U.S. stock indexes and oil prices both recorded their high marks for the year on Friday, in a display of mutually reinforcing symbiosis that is giving HTWW the jitters.
The stock market exuberance supposedly represents investors pricing in the likelihood of an economic recovery, which would mean rising demand for energy, which naturally places upward pressure on oil prices.
But as has already been noted this week, rising stock prices aren't all that helpful to lower- and middle-class Americans who have lost their jobs, taken pay cuts, are facing foreclosure or simply sitting on a home whose value is rapidly depreciating. You might be taking heart if your retirement or kid's college fund has rebounded in value, but not if you're wondering how you are going to pay your mortgage. And in that scenario, a boost in oil prices, which would inevitably lead to higher gas prices would be no fun at all.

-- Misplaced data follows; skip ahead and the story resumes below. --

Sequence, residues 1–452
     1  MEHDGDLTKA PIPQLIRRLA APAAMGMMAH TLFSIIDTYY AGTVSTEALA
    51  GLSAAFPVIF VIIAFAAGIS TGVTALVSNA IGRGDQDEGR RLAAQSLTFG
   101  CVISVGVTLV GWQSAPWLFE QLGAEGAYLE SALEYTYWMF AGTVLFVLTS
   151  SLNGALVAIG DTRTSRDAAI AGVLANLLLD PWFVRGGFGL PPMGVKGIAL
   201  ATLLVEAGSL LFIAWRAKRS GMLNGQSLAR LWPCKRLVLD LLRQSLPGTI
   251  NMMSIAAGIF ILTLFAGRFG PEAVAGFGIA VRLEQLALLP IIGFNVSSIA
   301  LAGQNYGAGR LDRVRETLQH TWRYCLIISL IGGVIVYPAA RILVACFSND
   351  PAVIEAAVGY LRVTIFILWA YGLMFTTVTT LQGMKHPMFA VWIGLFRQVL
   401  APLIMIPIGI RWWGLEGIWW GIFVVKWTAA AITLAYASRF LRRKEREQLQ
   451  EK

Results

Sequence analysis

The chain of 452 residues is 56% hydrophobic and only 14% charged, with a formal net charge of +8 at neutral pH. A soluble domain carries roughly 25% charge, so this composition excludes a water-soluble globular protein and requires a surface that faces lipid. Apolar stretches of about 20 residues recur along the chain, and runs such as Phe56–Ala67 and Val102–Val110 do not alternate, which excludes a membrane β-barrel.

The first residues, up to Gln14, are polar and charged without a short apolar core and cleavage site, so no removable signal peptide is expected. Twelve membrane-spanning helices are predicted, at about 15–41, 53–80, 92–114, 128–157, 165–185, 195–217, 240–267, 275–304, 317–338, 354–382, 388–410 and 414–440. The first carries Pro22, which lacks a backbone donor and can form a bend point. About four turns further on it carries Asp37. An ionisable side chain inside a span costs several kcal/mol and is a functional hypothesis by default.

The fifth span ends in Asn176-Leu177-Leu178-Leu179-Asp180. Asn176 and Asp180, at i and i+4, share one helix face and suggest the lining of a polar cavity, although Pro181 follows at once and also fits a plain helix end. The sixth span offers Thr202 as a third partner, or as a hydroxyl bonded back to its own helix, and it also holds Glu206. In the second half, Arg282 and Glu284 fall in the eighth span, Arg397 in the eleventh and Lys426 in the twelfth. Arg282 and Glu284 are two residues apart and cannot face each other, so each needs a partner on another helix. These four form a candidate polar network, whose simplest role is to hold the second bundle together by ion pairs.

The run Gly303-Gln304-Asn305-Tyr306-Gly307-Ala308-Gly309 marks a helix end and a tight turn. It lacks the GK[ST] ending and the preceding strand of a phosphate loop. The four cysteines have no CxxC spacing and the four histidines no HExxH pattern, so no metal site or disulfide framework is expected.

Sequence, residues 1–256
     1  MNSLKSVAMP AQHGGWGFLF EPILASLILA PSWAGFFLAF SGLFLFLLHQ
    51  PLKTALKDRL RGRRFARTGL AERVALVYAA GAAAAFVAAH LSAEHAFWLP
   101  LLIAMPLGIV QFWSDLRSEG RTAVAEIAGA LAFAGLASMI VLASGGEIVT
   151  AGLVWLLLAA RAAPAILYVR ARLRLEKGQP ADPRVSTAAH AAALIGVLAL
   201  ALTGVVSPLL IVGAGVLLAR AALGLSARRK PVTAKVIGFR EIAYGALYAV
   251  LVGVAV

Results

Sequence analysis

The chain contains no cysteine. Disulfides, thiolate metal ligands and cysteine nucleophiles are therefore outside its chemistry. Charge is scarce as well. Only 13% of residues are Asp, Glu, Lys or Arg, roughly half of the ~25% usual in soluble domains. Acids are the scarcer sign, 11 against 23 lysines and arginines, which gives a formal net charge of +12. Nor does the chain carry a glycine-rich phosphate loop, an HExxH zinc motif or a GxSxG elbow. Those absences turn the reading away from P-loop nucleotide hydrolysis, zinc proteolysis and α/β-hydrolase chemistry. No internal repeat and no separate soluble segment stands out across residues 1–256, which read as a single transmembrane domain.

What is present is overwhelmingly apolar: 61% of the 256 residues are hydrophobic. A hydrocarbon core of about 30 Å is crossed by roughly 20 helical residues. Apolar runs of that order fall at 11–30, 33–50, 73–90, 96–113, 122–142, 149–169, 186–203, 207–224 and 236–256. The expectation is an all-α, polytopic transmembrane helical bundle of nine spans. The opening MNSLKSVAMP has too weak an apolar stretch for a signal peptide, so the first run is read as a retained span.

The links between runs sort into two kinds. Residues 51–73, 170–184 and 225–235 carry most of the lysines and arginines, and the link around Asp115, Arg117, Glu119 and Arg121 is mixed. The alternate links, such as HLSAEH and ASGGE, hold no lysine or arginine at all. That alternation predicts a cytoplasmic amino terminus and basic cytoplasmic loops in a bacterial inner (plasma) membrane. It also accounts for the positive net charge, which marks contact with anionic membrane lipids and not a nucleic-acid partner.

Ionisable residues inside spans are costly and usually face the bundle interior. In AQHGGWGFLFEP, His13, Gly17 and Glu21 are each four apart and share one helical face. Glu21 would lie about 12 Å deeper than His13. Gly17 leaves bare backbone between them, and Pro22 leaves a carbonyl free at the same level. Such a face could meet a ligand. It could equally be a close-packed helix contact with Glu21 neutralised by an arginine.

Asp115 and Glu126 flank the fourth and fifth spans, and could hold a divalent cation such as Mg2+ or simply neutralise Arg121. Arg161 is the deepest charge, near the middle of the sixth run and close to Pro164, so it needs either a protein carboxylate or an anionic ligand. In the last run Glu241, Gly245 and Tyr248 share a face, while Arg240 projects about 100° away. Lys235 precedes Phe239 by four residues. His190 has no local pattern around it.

But what to make of this comment, tucked into a BBC News story?
"The significant rise in the oil price in the first half of the year is due in large part to a recovery in investment by financial investors," said Eugen Weinberg at Commerzbank.
That's just wonderful. While I remain in the camp that long-term supply-and-demand factors still ultimately determine oil price trends, there's something really unsavory about the fact that precisely the people who are profiting the most from Wall Street's rebound are helping to fuel an oil price spike that will hit the rest of us the hardest.